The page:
By PROSPER MAKENE

If cities worldwide like Addis Ababa, Beijing, Jakarta, Mexico City, New York, and Paris are serious about lowering their carbon footprints, they must also push through measures that make city-goers less dependent on cars in the first place

Reducing emissions from urban transport is critical for keeping global temperatures from rising more than 1.5°C.  Electric vehicles have emerged as the principal strategy for zeroing out carbon. But a new report lays out the constellation of measures cities must take–including but not limited to more electric vehicles–to achieve their ambitious goals.

 

At the Glasgow climate talks in November, more than 1,000 cities pledged to halve their emissions by 2030 and go carbon neutral by 2050. At the same time, a group of governments, automakers and others signed on to an agreement to transition to 100% zero-emission sales of new cars and vans by 2040 globally and by 2035 in key markets. In a separate agreement, 15 countries agreed to work toward 100% zero-emission sales of new trucks and buses by 2040.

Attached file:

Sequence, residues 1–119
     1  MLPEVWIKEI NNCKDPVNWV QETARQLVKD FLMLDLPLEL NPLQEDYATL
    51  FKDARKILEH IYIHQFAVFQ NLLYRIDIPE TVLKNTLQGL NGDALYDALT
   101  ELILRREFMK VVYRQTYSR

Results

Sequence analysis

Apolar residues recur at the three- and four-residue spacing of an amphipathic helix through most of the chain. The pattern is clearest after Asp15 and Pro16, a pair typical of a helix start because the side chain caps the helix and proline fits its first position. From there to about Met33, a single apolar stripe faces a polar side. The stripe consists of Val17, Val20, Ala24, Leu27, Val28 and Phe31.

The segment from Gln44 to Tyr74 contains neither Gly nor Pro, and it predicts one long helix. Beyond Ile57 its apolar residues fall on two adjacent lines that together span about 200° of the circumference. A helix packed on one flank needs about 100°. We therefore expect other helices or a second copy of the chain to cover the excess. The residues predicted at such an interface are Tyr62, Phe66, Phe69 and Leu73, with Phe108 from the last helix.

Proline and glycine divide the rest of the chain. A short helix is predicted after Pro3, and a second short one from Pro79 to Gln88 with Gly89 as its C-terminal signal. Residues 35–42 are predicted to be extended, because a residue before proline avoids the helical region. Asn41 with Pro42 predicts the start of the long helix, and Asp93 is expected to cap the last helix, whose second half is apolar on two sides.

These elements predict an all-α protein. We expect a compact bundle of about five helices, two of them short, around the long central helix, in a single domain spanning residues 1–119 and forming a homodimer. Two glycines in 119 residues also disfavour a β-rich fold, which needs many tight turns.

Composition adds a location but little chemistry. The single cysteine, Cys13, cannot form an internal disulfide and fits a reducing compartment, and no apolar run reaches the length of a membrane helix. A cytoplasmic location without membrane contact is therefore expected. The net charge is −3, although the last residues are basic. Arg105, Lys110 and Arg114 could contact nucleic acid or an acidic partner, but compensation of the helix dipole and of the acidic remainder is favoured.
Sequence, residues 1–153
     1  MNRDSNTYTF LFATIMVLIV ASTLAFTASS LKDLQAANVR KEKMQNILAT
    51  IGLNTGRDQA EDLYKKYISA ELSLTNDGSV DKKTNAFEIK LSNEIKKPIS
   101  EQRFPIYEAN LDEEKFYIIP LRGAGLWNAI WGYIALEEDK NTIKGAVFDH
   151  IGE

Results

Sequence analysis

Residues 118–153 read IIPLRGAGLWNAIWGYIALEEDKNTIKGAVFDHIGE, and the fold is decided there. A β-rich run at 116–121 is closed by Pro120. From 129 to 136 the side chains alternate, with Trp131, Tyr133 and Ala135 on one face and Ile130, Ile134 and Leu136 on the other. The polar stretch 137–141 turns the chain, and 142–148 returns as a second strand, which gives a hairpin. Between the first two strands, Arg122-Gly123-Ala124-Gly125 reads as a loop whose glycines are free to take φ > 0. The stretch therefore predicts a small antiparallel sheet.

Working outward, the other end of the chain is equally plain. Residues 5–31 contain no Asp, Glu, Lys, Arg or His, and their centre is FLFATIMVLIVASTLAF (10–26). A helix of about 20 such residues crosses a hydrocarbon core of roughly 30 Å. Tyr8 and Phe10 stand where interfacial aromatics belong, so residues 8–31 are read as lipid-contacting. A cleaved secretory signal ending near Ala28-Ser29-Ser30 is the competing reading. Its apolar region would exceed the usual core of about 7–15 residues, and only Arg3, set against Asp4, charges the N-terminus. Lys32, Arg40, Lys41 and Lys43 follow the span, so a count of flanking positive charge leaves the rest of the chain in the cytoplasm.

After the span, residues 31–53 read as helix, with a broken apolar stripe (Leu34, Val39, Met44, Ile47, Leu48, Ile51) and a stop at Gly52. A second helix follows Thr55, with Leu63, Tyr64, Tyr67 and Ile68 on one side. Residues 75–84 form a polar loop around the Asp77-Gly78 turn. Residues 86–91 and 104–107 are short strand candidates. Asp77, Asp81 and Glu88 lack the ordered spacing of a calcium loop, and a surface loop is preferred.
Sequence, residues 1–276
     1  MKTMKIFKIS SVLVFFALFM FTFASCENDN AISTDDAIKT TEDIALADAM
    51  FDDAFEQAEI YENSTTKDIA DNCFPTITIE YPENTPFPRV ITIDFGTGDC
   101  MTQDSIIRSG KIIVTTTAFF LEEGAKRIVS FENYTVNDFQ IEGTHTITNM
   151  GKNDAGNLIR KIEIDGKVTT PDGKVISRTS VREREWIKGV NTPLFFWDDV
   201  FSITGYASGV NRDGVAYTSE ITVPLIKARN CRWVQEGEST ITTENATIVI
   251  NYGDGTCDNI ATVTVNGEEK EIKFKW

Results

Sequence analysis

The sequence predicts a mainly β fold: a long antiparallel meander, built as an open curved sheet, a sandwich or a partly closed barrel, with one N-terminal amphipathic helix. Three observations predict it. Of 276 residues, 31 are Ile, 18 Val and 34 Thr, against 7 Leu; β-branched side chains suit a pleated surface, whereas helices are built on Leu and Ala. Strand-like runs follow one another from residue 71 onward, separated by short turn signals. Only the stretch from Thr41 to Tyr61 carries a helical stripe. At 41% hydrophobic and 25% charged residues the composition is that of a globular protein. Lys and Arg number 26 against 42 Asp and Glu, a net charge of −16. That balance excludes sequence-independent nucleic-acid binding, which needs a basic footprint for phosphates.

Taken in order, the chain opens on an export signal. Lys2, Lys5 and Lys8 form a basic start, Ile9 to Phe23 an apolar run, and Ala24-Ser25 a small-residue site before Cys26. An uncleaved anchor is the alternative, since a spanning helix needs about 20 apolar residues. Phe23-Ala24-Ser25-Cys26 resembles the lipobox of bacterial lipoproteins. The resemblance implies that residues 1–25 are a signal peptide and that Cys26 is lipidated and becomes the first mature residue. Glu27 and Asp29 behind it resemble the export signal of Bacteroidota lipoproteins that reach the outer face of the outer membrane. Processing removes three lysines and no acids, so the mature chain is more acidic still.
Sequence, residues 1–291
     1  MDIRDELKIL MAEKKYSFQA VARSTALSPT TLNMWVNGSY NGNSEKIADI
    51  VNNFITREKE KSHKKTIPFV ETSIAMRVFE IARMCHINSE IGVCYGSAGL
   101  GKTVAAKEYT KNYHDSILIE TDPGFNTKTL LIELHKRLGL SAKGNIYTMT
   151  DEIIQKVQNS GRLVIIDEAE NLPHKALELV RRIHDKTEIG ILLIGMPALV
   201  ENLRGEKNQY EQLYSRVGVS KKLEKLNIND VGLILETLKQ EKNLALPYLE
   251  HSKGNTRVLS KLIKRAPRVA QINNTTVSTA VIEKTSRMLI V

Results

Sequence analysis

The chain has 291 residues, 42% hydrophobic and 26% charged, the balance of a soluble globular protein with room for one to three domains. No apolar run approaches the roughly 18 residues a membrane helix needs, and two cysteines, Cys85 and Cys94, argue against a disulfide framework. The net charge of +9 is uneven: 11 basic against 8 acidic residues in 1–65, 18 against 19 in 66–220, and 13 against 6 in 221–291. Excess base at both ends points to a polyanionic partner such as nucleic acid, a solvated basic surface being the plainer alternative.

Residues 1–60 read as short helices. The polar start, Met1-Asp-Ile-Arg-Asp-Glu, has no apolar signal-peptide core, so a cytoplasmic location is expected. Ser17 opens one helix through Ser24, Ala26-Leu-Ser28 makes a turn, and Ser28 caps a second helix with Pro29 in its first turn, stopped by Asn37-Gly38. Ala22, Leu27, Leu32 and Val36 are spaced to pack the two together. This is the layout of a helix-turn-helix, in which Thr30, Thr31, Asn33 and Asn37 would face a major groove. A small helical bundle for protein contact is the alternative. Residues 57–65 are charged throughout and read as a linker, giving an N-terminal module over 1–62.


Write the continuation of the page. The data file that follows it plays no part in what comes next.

Although these agreements emphasize zero-emissions goals, which are critical to addressing climate change, the study stresses that cities must also embrace development policies that increase urban density, creating more equitable and inclusive cities. Ends

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